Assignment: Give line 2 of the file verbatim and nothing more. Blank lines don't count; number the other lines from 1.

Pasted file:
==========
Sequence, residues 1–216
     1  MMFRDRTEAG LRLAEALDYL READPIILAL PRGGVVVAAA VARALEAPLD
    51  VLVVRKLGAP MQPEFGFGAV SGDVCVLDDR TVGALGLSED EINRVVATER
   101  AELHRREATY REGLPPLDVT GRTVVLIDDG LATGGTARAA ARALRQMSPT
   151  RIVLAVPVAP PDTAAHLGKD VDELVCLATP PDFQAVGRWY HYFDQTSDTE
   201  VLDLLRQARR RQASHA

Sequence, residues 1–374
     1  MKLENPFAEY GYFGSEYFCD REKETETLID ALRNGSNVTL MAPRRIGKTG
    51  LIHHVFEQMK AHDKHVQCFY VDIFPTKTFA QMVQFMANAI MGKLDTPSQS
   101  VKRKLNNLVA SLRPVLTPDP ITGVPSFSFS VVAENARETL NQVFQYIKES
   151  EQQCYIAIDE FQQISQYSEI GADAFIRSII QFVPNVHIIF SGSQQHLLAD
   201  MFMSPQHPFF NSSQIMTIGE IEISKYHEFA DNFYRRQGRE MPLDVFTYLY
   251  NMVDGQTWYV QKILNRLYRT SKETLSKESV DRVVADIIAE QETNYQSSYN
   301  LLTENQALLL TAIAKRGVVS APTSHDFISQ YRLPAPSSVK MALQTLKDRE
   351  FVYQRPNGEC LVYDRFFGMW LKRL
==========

     1  MMFRDRTEAG LRLAEALDYL READPIILAL PRGGVVVAAA VARALEAPLD